While we hope your office doesn't resemble a battlefield, there are few landscapes that require the strength of leadership quite like a war zone. Leaders on the battlefield must have well-communicated strategies, strong positioning and unrelenting trust in their team in order to execute their missions.

While the scenarios in your office may not be life or death, there is certainly a lot at stake, from the satisfaction of your customers to the overall success of the company. As a leader, these responsibilities rely heavily on your management skills. With that in mind, we invite you to take a couple minutes to travel back in time for a few valuable leadership lessons from war heroes of the past.

"When it comes to leadership, loyalty begets loyalty."

General Sun Tzu
Forbes contributor Eric Jackson took a couple pages (31 to be exact) out of the book of Chinese military war leader and strategist General Sun Tzu. Jackson offers up 31 of General Tzu's top tips for great leadership in his article. Since every tip reads like an ancient war poem, we decided to decipher some of the highlights for you:

"Treat your men as you would your own beloved sons. And they will follow you into the deepest valley."

  • General Tzu gets at an important aspect of leadership and the influence you can have on your employees. Loyalty begets loyalty. When members of your staff can feel the respect and gratitude you have for their efforts, their quality of work will reflect that appreciation. Treating your staff like family may not always be appropriate, but when the situation lends itself to this type of interaction, it can do wonders for communication and relationship-building among you and your staff. 

"There are not more than five musical notes, yet the combinations of these five give rise to more melodies than can ever be heard."

  • Put in less lyrical terms, this bit of advice translates into quality over quantity. While producing a good amount of product is obviously important, numbers cannot make up for product standards. Good leaders recognizes the value of fostering good business relationships with clients by allowing their staff to have ample time and room to present them with the best product possible. Looked at through another lens, this tip can also apply to staff. One good employee is more valuable than five mediocre staff members. Recognize the value of your employees and be vocal about it – the ability and willingness to openly communicate praise is a key component of good leadership.

"You have to believe in yourself."

  • Perhaps the most literal of General Tzu's tips, this leadership lesson simply comes down to having faith, not only in yourself but also in your product and your company. When a leader is open and passionate about his or her faith in what the company has to offer, that same conviction can trickle down to employees at every level.

"The key to any successful business lies in consistent persistence."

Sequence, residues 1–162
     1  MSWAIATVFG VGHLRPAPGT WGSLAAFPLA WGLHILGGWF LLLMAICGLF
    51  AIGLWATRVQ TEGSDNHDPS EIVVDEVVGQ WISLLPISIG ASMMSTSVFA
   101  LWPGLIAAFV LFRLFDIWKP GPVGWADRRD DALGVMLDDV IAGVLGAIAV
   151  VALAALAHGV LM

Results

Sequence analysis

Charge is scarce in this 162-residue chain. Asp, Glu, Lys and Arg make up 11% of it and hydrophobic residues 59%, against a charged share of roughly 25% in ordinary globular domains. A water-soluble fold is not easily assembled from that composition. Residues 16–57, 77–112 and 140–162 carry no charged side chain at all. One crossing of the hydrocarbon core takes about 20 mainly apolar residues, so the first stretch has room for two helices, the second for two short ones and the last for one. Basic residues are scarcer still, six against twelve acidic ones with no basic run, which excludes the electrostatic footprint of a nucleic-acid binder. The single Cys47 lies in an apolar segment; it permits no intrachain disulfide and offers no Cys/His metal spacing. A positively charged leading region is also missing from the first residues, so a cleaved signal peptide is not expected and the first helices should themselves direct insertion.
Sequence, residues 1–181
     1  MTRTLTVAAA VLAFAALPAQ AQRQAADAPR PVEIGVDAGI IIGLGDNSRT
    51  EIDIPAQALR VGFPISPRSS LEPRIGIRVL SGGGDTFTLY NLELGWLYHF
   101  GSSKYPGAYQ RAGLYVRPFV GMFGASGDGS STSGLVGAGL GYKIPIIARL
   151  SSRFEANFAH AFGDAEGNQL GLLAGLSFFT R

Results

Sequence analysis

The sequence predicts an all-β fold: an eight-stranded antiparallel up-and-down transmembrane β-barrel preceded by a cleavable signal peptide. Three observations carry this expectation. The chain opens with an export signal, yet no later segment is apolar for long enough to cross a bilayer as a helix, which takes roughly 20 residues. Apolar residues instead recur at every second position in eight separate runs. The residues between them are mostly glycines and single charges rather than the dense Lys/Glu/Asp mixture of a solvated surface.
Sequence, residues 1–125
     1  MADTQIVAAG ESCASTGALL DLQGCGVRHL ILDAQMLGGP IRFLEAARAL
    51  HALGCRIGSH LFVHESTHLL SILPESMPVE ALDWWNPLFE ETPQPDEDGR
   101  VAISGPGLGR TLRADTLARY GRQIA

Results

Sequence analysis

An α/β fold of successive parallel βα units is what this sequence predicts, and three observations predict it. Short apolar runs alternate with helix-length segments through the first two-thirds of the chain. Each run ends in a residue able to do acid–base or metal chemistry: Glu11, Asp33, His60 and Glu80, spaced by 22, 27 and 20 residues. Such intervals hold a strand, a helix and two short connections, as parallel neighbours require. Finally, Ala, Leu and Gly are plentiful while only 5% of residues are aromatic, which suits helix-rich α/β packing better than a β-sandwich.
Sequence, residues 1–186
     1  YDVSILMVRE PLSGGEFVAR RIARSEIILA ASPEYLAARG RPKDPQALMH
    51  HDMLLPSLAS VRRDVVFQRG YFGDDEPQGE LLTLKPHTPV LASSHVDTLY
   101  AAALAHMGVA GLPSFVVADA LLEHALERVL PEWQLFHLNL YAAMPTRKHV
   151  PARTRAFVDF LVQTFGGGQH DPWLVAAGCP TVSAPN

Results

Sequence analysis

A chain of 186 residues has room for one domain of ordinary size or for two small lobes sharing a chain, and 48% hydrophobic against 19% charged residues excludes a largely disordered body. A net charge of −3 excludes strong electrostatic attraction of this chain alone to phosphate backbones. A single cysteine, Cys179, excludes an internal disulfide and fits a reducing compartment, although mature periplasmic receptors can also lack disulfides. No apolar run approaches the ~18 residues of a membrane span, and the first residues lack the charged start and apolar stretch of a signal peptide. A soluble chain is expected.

Winston Churchill
Marketing Manager for B2B John Walters created a list of 13 important military quotes for business leaders for LinkedIn Pulse. Winston Churchill is one of two military officers to be referenced twice. His leadership advice revolved around persistence and optimism when dealing with challenges and successes.

"Continuous effort – not strength or intelligence – is the key to unlocking our potential."

  • The key to any successful business lies in consistent persistence. A strong leader never settles for what the company has done but rather looks to the future of what the company can do. Using your personal power as a leader to help your company recognize the utility of persistence in achieving far-reaching goals is a great way to motivate employees and align their work efforts with the overarching aspirations you have for your company. Be relentless in your pursuit of improvements for your company and your staff will surely follow.

"The pessimist sees difficulty in every opportunity. The optimist sees the opportunity in every difficulty."

  • As a leader, you should recognize when your employees feel frustrated by certain road bumps and attempt to inspire a new optimistic outlook. Approach as many company issues as you can with a positive attitude. This kind of behavior can become infectious. Churchill suggested that there is potential for a bright outlook in the worst of scenarios; communicate this potential to your employees instead of letting them dwell on the negatives of a given situation.

"An appeaser is one who feeds a crocodile – hoping it will eat him last."

  • While this quote did not make Walter's list, it is an often cited quote from Churchill. The leadership lesson? Leaders are responsible for making the tough decisions. There is little room for fickle leadership in a successful business. Leaders must learn to make cuts, criticisms and overall difficult choices for the betterment of the company. While this type of management may not always be greeted with smiles of encouragement, in the long run the resulting respect from your employees will prove invaluable. Make decisions others can't, be bold and show that while you are a fair business leader, you also aren't willing to let your company and its products be anything short of excellent.